Organizational discontinuity: Evolutionary, revolutionary and re-evolutionary change Paper presented at the 25th Standing Conference on Organizational Symbolism “Signs of the future: Management, messianism, catastrophe” 1-4 July 2007, Ljubljana, Slovenia by Dr. Jürgen Deeg University of Hagen, Germany Faculty of Economics and Business Administration Chair of Business Administration, Leadership and Organization Profilstr. 8, 58084 Hagen e-mail: firstname.lastname@example.org Abstract: Facing an age of tremendous change and transformation, the ability to cope with such radically, i.e. discontinuous changing contexts is now a key variable for organizational success, performance and growth. Consequently organizational discontinuity is not only a major challenge in present organizational practices, but also a “true test” for organization science. While it is highly questionable whether organization science has read the signs of the future in this respect, the paper pursues a critical study of the organizational change discourse and provides an integrated view of organizational discontinuity as the epitome of future change processes. As the changing nature of change towards more discontinuity requires new ideas and visions for the analysis and explanation of this different kind of organizational change, the paper tries to integrate the opposite paradigms of determinism and voluntarism in organizational change discussion with a paralogic method. By combining continuous and discontinuous aspects of change and focussing on change and stability, an integrated perspective of organizational discontinuity is outlined. Viewed in such a perspective, organizational discontinuity is an intermittent interplay of order and disorder, which can be explained by evolutionary and revolutionary theories of change linked together in a model of “constructive destruction”. Furthermore a “re-evolutionary” perspective is presented, conceptualizing the delicate interaction between evolutionary (structural) and revolutionary (political) processes. Finally some implications for theory and research on organizational change are also provided. 1 Introduction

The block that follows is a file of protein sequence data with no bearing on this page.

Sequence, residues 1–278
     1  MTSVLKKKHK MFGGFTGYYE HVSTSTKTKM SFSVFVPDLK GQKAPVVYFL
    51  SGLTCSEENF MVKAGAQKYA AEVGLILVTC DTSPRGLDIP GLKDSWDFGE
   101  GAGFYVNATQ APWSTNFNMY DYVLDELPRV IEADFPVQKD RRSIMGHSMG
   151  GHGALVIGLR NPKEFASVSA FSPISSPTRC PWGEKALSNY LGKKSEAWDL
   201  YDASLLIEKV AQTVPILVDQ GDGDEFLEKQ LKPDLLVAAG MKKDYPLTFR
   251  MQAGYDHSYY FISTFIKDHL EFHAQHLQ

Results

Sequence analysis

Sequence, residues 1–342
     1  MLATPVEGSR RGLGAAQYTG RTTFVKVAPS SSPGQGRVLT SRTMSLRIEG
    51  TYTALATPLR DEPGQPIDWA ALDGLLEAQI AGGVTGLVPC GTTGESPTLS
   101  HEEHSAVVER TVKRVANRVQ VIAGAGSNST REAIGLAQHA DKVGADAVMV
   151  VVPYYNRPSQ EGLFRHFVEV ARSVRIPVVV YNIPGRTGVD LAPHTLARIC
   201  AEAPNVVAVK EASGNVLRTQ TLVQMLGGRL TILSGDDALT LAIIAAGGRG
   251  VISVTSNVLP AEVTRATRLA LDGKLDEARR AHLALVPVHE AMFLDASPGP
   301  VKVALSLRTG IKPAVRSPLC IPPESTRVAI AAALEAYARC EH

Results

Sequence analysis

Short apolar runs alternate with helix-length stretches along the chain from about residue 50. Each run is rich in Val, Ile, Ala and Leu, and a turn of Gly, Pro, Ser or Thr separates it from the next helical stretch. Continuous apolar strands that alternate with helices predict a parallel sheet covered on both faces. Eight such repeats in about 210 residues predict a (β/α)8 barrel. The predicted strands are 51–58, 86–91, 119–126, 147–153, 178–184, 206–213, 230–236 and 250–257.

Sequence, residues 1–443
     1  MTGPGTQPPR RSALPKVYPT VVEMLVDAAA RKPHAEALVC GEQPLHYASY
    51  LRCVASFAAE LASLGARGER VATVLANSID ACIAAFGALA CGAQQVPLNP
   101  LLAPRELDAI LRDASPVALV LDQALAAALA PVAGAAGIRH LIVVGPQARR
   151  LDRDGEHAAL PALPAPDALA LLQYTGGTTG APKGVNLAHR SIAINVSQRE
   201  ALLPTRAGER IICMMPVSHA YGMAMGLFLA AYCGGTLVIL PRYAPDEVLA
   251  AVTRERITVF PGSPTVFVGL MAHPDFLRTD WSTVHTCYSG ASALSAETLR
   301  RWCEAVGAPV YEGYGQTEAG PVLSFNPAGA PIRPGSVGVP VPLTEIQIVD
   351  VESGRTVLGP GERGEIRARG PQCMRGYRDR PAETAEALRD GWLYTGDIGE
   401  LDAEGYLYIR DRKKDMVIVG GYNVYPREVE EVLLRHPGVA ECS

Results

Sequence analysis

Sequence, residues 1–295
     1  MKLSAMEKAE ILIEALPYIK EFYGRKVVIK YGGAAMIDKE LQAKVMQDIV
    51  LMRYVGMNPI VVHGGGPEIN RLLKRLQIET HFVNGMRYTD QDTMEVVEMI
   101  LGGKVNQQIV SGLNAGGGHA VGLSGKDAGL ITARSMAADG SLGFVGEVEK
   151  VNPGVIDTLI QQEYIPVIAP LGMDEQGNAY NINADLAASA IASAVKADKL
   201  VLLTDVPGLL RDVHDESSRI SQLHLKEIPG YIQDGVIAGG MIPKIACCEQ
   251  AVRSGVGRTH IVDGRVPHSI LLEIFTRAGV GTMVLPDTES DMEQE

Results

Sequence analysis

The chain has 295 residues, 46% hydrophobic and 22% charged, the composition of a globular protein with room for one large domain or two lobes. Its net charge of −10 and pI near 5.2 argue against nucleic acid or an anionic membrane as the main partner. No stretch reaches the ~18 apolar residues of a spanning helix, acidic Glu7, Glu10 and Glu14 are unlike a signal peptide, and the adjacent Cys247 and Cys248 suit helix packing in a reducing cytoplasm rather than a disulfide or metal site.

To assert that we live in an age of unprecedented change and transformation, in which nearly every aspect of modern life is affected by the rapidity and irreversibility of such changes, has almost become a truism (Chia 1999, p. 209). More and more organizations are under an increasing pressure to respond to even more and more dramatic changes in order to remain viable, profitable or attractive to stakeholders (Kanter/Stein/Jick 1992, D’Aveni 1995, Nadler 1998). Thus the ability to cope with such radically, i.e. discontinuos changing contexts is now 1
a key variable for success, performance and growth (Greenwood/Hinings 1996, Brown/Eisenhardt 1998, Nadler/Shaw 1995). Therefore organizational discontinuity is the major challenge in present organizational practice (Prahalad 1998, p. 14) and a true test for future organization science as well (Mohrman 2001, p. 63). But whether organizational science has read the signs of the future in this respect is highly questionable. Not only the scientific discussion of change is extremely fragmented and no commonly accepted (unitary) theory of change in sight to keep up with such a multifaceted and contradictory phenomenon, discontinuous change has rarely been addressed at all. The paper therefore aims at contributing to a radical critique of the organizational change discourse and providing avenues of an integrative view of discontinuous organizational change as a prominent form of future change processes. Because so far the discussion on organizational change is in many respects substantially inappropriate, insufficient and onesided and cannot address the phenomenon of discontinuity adequately. Firstly change is in a far too optimistic view still seen as a stable, predictable, and manageable process (Sturdy/Grey 2004, p. 4). Yet change implies far more surprise,...
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